The pictures of a thin phone running some version of Windows 10 on an Intel x86 processor as provided by Evan Blass now have a backstory, but as provided by Evan Blass.
Blass reported on VentureBeat that the device, non-cellular as it turned out to be in uncovered documents, may have just been the integral piece to an ecosystem of Windows 10 desktop and mobile devices envisioned from Dell. Thanks to Continuum and Universal Windows Platform apps, users would be able to move all of their computing tasks between a core phablet-sized device, other tablet form factors (such as the one pictured above next to the core device), a laptop and a desktop. The project was called Stack.
Documents showed that the tablet was originally envisioned as a 6.4-inch tablet with a full HD screen that could be equipped with an Intel Core processing unit built on the Kaby Lake architecture. Mind you, it wouldn’t be a full-blast U-series processor, but a more conservative dual-core Y-series processor (then using the Core m branding). Still, the design of x86 would give the tablet more power than an ARM chip (such as Qualcomm’s Snapdragons) to push more apps with Continuum. Docking the tablet to a desktop unit would allow Stack to harness more power — 12 watts instead of 3.5 watts.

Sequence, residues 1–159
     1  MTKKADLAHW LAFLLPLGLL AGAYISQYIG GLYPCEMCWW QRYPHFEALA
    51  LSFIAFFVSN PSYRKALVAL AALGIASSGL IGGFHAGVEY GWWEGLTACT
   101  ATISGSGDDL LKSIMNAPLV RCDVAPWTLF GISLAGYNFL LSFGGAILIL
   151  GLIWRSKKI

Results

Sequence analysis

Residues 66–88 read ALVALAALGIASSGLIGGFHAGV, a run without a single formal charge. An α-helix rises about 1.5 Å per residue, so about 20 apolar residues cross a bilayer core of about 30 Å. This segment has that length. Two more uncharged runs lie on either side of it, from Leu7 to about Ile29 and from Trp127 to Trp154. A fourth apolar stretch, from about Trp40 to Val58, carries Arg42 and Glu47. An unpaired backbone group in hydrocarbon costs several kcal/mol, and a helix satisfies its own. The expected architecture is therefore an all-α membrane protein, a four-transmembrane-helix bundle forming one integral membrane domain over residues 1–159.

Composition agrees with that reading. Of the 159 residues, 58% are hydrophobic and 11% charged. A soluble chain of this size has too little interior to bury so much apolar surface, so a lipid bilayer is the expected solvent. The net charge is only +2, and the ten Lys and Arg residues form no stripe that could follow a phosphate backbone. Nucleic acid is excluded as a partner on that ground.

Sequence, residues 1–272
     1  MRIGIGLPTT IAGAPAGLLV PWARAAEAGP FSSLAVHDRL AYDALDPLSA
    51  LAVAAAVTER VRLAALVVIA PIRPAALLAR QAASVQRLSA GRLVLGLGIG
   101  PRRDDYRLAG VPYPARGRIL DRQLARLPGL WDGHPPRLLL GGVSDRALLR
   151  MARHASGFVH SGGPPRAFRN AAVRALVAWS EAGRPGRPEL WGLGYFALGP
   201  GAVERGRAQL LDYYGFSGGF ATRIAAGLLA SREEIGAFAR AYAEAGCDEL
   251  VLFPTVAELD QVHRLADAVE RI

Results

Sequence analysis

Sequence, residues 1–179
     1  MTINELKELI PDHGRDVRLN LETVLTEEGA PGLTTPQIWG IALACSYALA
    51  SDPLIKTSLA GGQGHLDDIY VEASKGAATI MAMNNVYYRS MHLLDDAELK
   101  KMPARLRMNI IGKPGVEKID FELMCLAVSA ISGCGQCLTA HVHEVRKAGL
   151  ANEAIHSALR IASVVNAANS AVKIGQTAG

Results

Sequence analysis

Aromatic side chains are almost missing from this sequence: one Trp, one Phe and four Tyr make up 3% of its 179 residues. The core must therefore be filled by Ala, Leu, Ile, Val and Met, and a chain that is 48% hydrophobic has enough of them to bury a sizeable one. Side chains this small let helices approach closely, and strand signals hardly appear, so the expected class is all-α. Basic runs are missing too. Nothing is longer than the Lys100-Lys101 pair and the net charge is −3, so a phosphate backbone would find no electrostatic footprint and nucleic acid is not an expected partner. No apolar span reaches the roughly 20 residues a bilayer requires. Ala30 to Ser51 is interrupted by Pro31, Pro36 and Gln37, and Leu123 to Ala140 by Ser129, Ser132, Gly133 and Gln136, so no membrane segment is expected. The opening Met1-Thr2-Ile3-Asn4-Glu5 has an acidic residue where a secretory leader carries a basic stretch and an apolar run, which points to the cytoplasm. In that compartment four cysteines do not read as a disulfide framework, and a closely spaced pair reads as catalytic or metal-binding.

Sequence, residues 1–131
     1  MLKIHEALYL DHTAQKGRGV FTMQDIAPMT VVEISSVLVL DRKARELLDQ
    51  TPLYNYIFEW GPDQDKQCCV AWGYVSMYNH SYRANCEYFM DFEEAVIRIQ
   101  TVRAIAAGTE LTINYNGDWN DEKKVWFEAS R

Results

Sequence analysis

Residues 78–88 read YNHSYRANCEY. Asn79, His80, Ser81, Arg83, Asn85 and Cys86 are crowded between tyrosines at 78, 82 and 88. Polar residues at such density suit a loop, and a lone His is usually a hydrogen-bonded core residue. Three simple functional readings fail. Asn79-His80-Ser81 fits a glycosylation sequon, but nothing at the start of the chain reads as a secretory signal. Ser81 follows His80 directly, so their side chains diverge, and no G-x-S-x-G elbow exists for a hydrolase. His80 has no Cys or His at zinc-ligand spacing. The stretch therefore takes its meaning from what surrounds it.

The renders we saw seemed a little too optimistic on getting this device as thin and mobile as possible — the goal was apparently to keep the tablet under 9mm in thickness. That was until blueprints were revised to reflect Dell’s design language and the size of phablet grew to 7 inches in diameter. Complicating the space were other specs like either 4GB or 8GB of RAM and solid state disks with 128GB or 256GB of room, plus a microSD card slot to boot. A five-megapixel selfie camera would double as an iris scanner. All of that would take up a lot of room and leave less of it for heat dissipation.
Stack was conceptualized in the middle of 2014. The company bet on a commercial launch by spring of 2017. There was even a cell-enabled 6-inch planned as a second-generation device. But at this point, it’s unclear if the project is still alive or dead and for what reason.
While Intel did cancel its recent mobile chipset efforts, it is still working on propagating Kaby Lake while also selling more fitting Apollo Lake chips. Did HP’s Elite x3 chill Dell’s plans by providing a satisfying Continuum experience with the help of an ARM chip? With Microsoft interested in keeping Windows 10 on ARM and cellular connectivity, perhaps the Stack would be going too far off the grain to garner it full-throat support?
There are plenty of questions, but only so much storyline. What is clear is that there is consumer interest for hub-distributed computing. It will be realized by a supplier at some point — Neptune wants to do it for Android — and if Dell doesn’t do it first for Windows, perhaps another OEM or even Microsoft will.